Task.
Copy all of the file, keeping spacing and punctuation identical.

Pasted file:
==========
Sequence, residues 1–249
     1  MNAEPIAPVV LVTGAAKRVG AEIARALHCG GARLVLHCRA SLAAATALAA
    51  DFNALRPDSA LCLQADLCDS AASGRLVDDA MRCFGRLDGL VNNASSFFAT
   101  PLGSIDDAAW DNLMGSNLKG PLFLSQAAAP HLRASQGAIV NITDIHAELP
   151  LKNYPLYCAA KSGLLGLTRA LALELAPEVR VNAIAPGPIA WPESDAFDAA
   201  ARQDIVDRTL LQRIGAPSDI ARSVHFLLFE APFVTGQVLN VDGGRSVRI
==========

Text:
Sequence, residues 1–249
     1  MNAEPIAPVV LVTGAAKRVG AEIARALHCG GARLVLHCRA SLAAATALAA
    51  DFNALRPDSA LCLQADLCDS AASGRLVDDA MRCFGRLDGL VNNASSFFAT
   101  PLGSIDDAAW DNLMGSNLKG PLFLSQAAAP HLRASQGAIV NITDIHAELP
   151  LKNYPLYCAA KSGLLGLTRA LALELAPEVR VNAIAPGPIA WPESDAFDAA
   201  ARQDIVDRTL LQRIGAPSDI ARSVHFLLFE APFVTGQVLN VDGGRSVRI